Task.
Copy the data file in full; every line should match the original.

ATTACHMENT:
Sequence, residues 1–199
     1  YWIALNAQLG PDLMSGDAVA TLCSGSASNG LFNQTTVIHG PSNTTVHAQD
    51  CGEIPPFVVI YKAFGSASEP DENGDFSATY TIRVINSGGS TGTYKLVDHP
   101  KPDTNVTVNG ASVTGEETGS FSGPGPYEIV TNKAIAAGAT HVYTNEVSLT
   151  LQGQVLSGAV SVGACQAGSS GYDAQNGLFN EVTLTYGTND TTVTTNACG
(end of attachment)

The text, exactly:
Sequence, residues 1–199
     1  YWIALNAQLG PDLMSGDAVA TLCSGSASNG LFNQTTVIHG PSNTTVHAQD
    51  CGEIPPFVVI YKAFGSASEP DENGDFSATY TIRVINSGGS TGTYKLVDHP
   101  KPDTNVTVNG ASVTGEETGS FSGPGPYEIV TNKAIAAGAT HVYTNEVSLT
   151  LQGQVLSGAV SVGACQAGSS GYDAQNGLFN EVTLTYGTND TTVTTNACG